I started The Scar-Crow Men by Mark Chadbourn under the mistaken impression it was the first book in a series he titled Swords of Albion. Seems I was incorrect, that this was book two in the series, which may explain why it took me several chapters to get fully immersed in this rather amusing book of spycraft in Elizabethan England.
Before I first met our protagonist, one Will Swyfte, we first meet Christopher Marlowe, on the run from a hunter who seems to know him of old. We meet one of Marlowe's boys, who is given direct instruction to deliver a note of some import to his close friend Will Swyfte, "The Greatest Spy in England".
We encounter Swyfte at the opening of Marlowe's new play, The Tragical History of Doctor Faustus, which is being performed at one of the few theaters open due to the plague sweeping across London. (For those of you not familiar, Marlowe's version predates both the Goethe version, as well as the operatic version. Marlowe's does not have a happy ending. Also of note, the book is set in 1593, Marlowe's is listed as first being published in 1604.) During the play, we first learn that Sir Walsingham, former spymaster is dead and the dwarf Sir Robert Cecil currently is running operations, even as another member of the Privy Council, Robert Devereaux, Earl of Essex, tries to run off the old master's rings. During the performance, we see cionfrontations between the two groups, even as a killer in a devil mask stalks Master Swyfte in the auditorium. The killer fails in his attempt, partly due to to the intervention of one Irish Spy, Meg, and partially due to a devil appearing during the sequence when the actor playing Faust is summoning Mephistopheles. This devil, however, takes the form of Jenny, Swyfte's long lost true love, long ago taken Underhill by the Unseelie Court.
Oh yes, let me bring them up, since they're the primary antagonists in this. The Unseelie Court are trying to get rid of defenses on England put in place by Dr. John Dee. Who somehow managed to help capture one of the high family and lock it in the Tower.
Marlowe is found dead, stabbed, apparently in a dispute over gambling debts. Swyfte senses a rat, since Marlowe was about to be brought before the Privy council on Charges of treason due to his professed Atheism. (A note on this: they finally explain that this is considered a crime in Anglican circles more so than Catholicism because Atheism suggests Jesus was a bastard born to a whore.)
Oh lord, so much plot, and no gunpowder. Just treason.
Swyfte, who gets declared a traitor to the Crown about halfway through, seeks out Dr. Dee, who points out the Devil in the form of Jenny has become his personal Mephistopheles. Something we sort of found out during Swyfte's visit to Saint Mary of Bethlehem's hospital. (Modern readers likely know it better as Bedlam.) Here Swyfte meets the basis for Marlowe's Faust, who supposedly is possessed by the Devil and destroyed a town in the Shire.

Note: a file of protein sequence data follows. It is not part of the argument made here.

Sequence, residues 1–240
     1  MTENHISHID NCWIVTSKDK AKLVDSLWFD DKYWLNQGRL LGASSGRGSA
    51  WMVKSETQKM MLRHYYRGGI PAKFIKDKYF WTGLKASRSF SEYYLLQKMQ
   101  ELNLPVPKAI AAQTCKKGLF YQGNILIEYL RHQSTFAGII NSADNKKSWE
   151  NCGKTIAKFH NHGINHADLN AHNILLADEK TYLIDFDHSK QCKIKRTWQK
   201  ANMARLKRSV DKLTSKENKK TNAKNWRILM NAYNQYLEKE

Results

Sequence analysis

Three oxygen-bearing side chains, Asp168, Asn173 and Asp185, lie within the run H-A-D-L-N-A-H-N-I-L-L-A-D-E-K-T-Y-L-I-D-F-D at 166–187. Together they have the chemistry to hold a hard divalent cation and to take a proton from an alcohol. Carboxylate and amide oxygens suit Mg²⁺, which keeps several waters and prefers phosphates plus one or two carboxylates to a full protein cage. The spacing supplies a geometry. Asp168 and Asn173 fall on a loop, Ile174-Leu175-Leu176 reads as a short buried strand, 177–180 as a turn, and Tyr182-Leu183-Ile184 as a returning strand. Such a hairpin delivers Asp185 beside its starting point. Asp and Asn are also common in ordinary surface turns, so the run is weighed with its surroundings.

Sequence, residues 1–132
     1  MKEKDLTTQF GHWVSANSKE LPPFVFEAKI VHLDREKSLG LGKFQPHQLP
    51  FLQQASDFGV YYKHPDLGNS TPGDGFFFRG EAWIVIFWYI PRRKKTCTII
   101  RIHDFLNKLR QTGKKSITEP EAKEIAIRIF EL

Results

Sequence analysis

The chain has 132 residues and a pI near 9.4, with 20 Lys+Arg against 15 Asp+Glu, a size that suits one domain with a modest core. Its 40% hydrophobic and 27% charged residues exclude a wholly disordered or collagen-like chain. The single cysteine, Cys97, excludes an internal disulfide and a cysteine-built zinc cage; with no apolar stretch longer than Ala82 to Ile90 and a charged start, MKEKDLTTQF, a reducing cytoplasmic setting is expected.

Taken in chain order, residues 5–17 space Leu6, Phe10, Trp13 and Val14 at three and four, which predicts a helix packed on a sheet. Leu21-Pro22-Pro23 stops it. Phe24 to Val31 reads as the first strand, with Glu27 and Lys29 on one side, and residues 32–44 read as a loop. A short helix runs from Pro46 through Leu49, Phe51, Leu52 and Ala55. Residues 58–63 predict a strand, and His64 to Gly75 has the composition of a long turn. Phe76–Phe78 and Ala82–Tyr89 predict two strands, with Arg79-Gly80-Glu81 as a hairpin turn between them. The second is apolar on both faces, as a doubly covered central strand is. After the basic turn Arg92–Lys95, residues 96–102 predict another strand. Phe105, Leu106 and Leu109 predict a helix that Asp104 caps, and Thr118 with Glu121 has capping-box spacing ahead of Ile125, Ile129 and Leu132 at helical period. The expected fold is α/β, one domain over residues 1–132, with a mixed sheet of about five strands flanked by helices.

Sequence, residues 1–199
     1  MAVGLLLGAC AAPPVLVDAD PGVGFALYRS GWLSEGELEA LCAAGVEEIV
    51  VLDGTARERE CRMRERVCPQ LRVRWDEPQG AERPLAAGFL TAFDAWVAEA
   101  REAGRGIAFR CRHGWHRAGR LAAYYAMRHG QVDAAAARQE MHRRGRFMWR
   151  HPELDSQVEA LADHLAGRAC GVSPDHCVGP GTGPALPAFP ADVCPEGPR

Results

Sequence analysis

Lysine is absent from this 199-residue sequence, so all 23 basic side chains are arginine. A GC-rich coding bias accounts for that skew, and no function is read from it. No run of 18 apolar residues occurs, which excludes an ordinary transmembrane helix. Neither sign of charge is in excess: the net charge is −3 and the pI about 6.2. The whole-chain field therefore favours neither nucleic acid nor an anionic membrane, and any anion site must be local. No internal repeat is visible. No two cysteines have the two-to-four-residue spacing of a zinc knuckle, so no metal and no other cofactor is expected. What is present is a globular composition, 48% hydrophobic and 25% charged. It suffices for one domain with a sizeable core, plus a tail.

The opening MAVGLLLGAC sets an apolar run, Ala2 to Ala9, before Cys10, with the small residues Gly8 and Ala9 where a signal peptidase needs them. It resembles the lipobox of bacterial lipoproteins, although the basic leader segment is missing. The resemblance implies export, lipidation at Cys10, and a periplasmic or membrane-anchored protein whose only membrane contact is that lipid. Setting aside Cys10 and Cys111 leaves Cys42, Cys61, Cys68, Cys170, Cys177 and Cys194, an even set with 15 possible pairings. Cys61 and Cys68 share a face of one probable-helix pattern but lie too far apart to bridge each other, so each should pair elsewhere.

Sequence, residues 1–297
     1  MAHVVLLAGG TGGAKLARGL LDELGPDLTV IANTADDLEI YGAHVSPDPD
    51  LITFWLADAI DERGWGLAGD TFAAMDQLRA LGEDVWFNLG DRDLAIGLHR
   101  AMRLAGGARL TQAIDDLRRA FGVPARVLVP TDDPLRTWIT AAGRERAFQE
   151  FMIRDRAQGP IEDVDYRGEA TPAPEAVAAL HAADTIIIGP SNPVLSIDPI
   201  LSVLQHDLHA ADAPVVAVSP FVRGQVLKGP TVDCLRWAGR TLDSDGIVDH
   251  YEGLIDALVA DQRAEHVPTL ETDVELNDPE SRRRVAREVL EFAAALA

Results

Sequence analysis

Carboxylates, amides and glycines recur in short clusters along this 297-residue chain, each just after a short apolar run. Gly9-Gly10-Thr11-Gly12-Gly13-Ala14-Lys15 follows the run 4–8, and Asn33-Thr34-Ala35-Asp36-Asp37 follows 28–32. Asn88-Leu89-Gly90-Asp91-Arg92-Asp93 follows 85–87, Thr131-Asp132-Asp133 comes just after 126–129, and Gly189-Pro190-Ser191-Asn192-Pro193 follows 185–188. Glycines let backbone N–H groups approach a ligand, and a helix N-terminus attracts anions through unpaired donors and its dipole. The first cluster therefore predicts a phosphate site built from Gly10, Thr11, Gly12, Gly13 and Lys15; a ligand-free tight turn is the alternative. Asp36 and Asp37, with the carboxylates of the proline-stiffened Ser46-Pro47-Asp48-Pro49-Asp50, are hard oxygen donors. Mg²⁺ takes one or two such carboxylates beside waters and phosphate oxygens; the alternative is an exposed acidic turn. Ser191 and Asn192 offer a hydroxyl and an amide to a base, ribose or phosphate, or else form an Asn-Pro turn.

We also meet the soon to be crowned King of France, Henry of Navarre, who invites the Unseelie to dinner in order to form an alliance with them. It is here we learn bits about the Scar-Crow Men, who are... I guess the best way to describe them would be adult Changelings. Of the old meaning. Animated bodies that replace a real human.
Quite a bit happens, as Swyfte's closest allies try to find the Man in the Devil mask who's ritually killing off Walsingham's old spy ring, as Swyfte tries to find the secrets Marlowe cyphered into his play, that eventually lead Swyfte and Red Meg to France, after being hunted by Xanthus, an Unseelie hunter who's brother Swyfte killed previously. We meet Henry again, we see the monestary at Reims, we break into Notre Dame.
We wind up back at Nonsuch for the finale, wherein all the plots get resolved.
On the positive, with a few exceptions, Chadbourn has seemingly done his research into the era, which gives it the feel of authenticity as we deal with plague in the streets, several cabals of spies and occult organizations, and two very different supernatural antagonists. Also, while not using current idiom, the language is NOT Elizabethan, making it easier for the contemporary reader to follow along.
On the negative, Red Meg, who is by far one of the most interesting supporting characters in the book, complete with an intriguing backstory and wholly unique motivations, gets a bad case of the Heaving Bosoms outside of Notre Dame. While he later redeems her, that one particular chapter is tonally off from everything before and after it, and it shook me out of the story.
All in all, while I wish I had read the first book first, this was a very good read, and one that had me digging through websites to get more information on the real characters interspersed among the fictitious ones.